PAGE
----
“Hey Chopper! How about running a few laps with us?!”
Hey later man, I’m eating a celery stick. This is hard exercise.”
-From the Bod Squad PSA “Exercise Your Choppers.”
So Mordicai commnented on last night’s post about The Interloper:
“… With the teeth– I think i said this before, but why not make them all individually motile? Like Nausicaa’s God Warrior’s teeth?”
And yes, he has worked that “individually motile teeth” angle before (see his comment here), and I kicked it around, though I didn’t fully understand what he meant at the time. I pretty much ran with it until I got bored.
Anyway, I told you that story so I could tell you this one. I started thinking about his comment (and even researched Nausicaa’s God Warrior, though I could not actually find a video of the teeth in action), and started writing a response to it. When the response got up to around Word 235, I decided that it might just be better to do a post about it.
So, why not make the teeth able to move on their own?
At least in part because I’m having a hard time seeing what the use of individually motile teeth would be. I haven’t seen Nausicaa, and somehow there’s no clip of the God Warrior on the YouTube, but the images and descriptions I’ve seen of it kind of give me the impression that its teeth are more for show than anything else.
That notwithstanding, there are a few other reasons against it, at least in The Interloper’s current incarnation- the fact that it has a lower jaw at all kind of negates the need for teeth that move. The (usual) purpose of a tooth is to hold, crush, grind or shear food into pieces small enough to swallow.
Most animals accomplish this by bringing their teeth together or rubbing them against each other, which in probably around 99% of cases requires a second set of teeth to provide a surface to rub against or another cutting edge to break the food item with, or at least hold the food item in place so that one set can be brought to bear on it.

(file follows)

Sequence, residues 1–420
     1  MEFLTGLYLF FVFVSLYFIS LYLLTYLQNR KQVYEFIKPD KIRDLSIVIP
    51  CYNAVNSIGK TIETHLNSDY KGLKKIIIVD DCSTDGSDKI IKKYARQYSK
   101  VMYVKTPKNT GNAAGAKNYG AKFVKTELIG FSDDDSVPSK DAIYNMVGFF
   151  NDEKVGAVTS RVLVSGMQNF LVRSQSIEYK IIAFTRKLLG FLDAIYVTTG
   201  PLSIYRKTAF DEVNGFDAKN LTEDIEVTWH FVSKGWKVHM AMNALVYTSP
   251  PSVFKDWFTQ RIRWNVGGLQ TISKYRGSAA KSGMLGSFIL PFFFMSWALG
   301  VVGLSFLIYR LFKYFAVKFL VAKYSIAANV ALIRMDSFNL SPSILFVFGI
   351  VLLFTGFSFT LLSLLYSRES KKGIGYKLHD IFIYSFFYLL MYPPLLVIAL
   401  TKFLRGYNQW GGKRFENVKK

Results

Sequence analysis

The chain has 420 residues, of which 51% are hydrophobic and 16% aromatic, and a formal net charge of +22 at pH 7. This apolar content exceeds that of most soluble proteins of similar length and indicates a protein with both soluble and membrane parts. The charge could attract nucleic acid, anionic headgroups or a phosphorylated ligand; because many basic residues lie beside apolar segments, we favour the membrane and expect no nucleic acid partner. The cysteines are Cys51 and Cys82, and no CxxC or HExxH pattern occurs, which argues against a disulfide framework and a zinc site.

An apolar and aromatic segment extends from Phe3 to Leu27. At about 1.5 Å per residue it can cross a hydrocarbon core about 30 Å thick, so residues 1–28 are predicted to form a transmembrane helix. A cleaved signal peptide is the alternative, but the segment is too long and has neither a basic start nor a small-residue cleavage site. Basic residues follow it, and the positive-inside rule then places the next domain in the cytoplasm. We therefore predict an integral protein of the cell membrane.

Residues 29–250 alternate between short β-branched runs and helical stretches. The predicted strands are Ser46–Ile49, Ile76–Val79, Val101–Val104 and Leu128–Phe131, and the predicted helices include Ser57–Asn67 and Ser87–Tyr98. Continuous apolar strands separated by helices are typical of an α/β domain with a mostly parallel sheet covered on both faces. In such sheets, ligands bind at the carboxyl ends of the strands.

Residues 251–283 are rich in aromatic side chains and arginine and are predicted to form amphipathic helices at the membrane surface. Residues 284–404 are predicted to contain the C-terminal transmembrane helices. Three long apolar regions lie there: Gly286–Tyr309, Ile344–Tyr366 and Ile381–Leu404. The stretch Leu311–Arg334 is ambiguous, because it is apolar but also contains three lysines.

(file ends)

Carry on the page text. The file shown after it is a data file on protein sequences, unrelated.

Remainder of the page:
That having been said, if the teeth were the only things in its head, similar to a lamprey’s mouth, and the teeth either moved individually, or they were on some sort of muscular ridge or “shelf,” and it could use them to rasp at its food (like the overly hooked tongue is currently designed to do), then the teeth moving of their own volition not only makes sense, it’s the only logical way that the creature could do anything in terms of eating things larger than its throat without resorting to tearing it apart with its claws or liquifying it with some sort of venom.
Of course, this would call for a differently-shaped head.
Another argument against the “dancing fang” is that from a suspension-of-disbelief standpoint, there’s not much of an argument in favor of it because remotely few, if any living predators move their teeth around like that.
The notion that they might not be teeth and actually toothlike structures for another purpose, whether related to feeding or something else is a valid one, but The Interloper has already declared its carnivore status, and must perforce at least look partly the part, so sleek lines and sharp edges are part of the package. As I mentioned while first working on the idea of individually motile teeth, there are a whole lot of predators in my collection of dragons, though to be fair, that is a large part of my concept of “dragon.” And probably yours too.
Unless of course, it’s specifically going to grab hapless creatures with its flexible teeth as opposed to its jaws, which seems like a strange way of going about doing things, unless its neck is very short and its teeth have reach for some reason (but then it might as well have a mouthful of tentacles or something else, which is a bit too much of a departure from the insectile hybrid that I first set out to make).
So in closing (as we crest the 700-word mark) no, The Interloper will not have teeth that move. This is because it actively uses its teeth for killing, and wriggly incisors aren’t advantageous, nor do they get the idea of “killing machine” across as well as pointy things that tend to stay in place.
And that’s all I have to say about that at the moment.